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2010 Wrap Up from the West - Top 10 Diseases


Happy New Year to Everyone!!!
2010 was a mixed year, many California superintendents said that it was one of the best years for growing grass (we had some good rainfall this winter and a mild start to the summer), while I heard from a number of superintendents in the Pacific Northwest that the year was somewhere between sh*tty and really sh*tty because of the hard freezes that came in late 2009 and put them behind the 8-Ball from the start of 2010. In any case, last year was really hard financially on our industry and I really hope that 2011 brings us some better fortunes!

Just a quick round up of 2010 based on what we saw in the diagnostic lab here at UC Riverside. It was a busy year here in the lab with over 90% of our samples coming from California, with the rest coming in from our neighbors in Washington, Oregon, Nevada and Arizona.

We received 310 packages this year with a total of 536 samples (plugs). Disease activity in the west was fairly constant with the majority of our samples coming in July and October, reflecting increased disease pressure in the early summer and then an odd spike of activity in the fall.


No surprises as far as what turf species we encountered the most....



Poa dominated the samples sent into the lab with 69% of our samples being annual bluegrass and almost all of these being from putting greens. Bermudagrass and perennial ryegrass came in 11 and 10% of the time, almost all from fairways and roughs. Surprisingly, it was a good year for creeping bentgrass with only 5% of our samples coming from bentgrass greens.

Pathogens were present in the samples about 81% of the time, and the diseases we saw reflected the high prevalence of annual bluegrass samples we received.

Leading the pack was anthracnose, which was diagnosed in 14% of 536 samples. This continues to be the number one problem for golf courses in the west on annual bluegrass.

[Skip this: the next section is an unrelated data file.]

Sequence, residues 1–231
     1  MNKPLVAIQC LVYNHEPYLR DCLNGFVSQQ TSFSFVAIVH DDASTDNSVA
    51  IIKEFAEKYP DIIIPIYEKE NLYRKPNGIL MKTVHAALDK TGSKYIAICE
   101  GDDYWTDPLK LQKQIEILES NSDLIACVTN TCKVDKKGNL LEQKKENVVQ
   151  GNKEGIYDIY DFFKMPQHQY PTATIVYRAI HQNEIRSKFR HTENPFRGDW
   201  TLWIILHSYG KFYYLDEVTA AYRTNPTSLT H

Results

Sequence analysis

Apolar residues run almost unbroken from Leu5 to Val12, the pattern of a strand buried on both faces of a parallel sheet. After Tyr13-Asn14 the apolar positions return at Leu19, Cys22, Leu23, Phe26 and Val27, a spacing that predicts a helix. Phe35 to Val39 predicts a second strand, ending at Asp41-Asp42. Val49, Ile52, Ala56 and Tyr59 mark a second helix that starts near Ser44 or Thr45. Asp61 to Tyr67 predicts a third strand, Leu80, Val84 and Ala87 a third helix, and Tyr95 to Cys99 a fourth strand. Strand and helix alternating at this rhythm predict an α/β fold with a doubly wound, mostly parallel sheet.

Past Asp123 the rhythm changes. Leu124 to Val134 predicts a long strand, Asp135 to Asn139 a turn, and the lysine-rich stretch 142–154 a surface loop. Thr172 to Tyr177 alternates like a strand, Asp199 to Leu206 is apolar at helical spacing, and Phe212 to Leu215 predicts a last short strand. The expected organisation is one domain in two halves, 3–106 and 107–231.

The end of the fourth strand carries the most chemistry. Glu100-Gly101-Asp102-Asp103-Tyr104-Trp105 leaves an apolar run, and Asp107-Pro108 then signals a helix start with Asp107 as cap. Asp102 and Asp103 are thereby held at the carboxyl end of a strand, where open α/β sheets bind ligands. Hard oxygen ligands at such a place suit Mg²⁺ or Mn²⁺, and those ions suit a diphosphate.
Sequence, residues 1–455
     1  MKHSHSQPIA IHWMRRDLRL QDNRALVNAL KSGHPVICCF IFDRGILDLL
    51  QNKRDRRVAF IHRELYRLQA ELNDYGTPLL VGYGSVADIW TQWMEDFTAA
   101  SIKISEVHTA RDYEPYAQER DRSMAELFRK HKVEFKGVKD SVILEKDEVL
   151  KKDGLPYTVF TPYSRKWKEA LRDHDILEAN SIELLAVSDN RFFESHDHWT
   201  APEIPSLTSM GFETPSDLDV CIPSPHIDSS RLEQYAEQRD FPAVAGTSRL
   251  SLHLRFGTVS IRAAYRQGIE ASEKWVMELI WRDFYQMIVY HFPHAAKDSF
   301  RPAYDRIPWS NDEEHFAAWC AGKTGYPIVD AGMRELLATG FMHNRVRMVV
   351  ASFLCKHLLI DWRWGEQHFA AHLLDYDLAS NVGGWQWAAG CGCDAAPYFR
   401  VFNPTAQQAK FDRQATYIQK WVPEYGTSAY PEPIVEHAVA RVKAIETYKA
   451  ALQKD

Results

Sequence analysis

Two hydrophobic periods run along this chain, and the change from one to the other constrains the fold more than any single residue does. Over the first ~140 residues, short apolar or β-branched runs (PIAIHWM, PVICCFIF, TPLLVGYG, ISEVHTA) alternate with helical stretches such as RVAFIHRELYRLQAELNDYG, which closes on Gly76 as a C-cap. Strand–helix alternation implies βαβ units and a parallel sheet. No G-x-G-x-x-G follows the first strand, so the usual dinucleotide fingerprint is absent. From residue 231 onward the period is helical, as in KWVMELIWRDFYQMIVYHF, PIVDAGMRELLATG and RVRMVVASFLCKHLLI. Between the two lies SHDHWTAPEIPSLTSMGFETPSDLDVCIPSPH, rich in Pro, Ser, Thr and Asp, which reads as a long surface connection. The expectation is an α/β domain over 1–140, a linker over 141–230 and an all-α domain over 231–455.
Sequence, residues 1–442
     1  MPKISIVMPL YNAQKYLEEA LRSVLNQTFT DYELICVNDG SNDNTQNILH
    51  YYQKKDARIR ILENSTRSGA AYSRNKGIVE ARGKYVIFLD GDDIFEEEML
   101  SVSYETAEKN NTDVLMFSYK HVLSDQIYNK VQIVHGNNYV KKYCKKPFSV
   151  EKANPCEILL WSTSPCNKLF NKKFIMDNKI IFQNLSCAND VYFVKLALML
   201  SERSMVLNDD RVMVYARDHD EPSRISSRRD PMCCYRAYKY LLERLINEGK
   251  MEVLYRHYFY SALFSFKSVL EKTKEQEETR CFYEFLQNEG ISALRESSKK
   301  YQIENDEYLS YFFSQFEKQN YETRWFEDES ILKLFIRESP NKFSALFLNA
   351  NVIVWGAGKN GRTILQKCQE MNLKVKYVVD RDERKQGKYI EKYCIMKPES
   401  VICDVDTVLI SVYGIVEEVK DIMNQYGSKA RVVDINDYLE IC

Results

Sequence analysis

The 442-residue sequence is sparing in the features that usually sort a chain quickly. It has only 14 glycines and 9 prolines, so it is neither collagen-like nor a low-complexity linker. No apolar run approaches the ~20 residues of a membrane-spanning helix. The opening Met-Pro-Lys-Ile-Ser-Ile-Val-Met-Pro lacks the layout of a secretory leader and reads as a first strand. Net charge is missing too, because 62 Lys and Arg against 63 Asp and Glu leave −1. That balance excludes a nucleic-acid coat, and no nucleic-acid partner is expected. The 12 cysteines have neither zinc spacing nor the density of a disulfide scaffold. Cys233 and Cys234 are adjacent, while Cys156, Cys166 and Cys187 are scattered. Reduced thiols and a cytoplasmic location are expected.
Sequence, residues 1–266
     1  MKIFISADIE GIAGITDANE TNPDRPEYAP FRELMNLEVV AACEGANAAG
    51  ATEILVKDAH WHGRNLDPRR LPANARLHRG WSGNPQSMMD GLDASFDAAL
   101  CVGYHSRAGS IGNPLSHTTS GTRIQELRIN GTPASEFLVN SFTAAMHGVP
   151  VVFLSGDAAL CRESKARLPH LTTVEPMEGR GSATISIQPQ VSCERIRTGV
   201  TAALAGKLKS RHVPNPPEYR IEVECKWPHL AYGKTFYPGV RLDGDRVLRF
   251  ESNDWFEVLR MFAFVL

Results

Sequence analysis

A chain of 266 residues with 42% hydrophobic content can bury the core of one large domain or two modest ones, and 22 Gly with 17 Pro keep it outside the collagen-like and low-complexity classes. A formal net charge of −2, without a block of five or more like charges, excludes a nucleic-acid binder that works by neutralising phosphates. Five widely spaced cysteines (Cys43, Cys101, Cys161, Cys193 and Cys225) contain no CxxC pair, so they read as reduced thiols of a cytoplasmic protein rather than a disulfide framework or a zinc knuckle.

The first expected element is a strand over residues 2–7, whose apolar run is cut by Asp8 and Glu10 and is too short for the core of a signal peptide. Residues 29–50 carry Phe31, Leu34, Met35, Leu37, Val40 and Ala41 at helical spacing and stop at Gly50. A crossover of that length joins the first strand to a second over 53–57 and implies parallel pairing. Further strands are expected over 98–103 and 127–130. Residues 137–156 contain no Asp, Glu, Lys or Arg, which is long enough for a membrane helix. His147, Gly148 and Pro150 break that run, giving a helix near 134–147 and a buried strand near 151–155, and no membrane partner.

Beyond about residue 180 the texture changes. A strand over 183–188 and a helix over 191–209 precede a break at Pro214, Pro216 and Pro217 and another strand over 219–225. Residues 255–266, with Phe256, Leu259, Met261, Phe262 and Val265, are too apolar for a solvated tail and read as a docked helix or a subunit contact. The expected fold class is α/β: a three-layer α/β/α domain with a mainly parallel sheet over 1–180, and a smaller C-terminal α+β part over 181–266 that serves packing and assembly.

Coming in at #2, algae was present in 6% of our samples; although algae is often not a "disease" per se, its presence often indicates poor growing conditions on putting greens, and it can slow down turf recovery and cause some significant yellowing of the turf.

Rapid blight was our #3 disease of the year. Although the rain we had early in the year seemed to slow down rapid blight development, it seemed that prolonged cloudy, mild conditions in the early summer and then again in the fall promoted the development of this disease on annual bluegrass putting greens.

Bipolaris leaf spot (#4) was commonly found as a disease on drought stressed turf, mainly from perennial ryegrass or other cool season species in fairways and roughs.

Summer Patch came in at #5, again affecting primarily annual bluegrass putting grens; one observation we made from this year was that summer fungicide programs that focused on foliar applications for anthracnose control and didn't use QoI or thiophanate-methyl applications monthly tended to get this disease. Just a reminder that we need to control both of these diseases at the same time, which may require different fungicide strategies.

Large patch on kikuyugrass and bermudagrass was our #6 problem. Not surprising with all of the rain we got this last winter.

At #7 was Pythium Root Rot. This is still a little bit of a controversy - many of the locations where we diagnosed this were annual bluegrass putting greens also affected by freeze damage or had cold wet conditions. So what came first? Was the Pythium a weak pathogen attacking weak plants or did Pythium root rot make the plants weak?

Fairy ring came in at #8 on just about all turf types, with many of the diagnoses coming in the early spring. Lane's work at NCSU on preventive applications with DMIs when soil temps are 55 makes a lot of sense when controlling this disease.

Although foliar Pythium was our #9 disease, many of these diagnoses also came during periods of extended cold or warm wet weather and not necessarily during those hot hot 100 during the day, 70 at night type of situations where you'd expect Pythium to fire. We even picked up Pythium on bermudagrass this fall, how weird is that? My take away lesson from 2010 regarding Pythium was that as long as it's wet, you can get foliar Pythium.

Finally at #10 was brown ring patch. Since we saw it only 20 or so times this year on annual bluegrass putting greens, I hope that means that most superintendents are recognizing it early and controlling it fairly easily with fungicides and increasing nitrogen fertility.

OK - I hope this quick round up of 2010 diseases helps for 2011 disease management planning in the West. Until then, keep an eye out for those diseases!

Signing off from the Left Coast....

One response to “2010 Wrap Up from the West - Top 10 Diseases”

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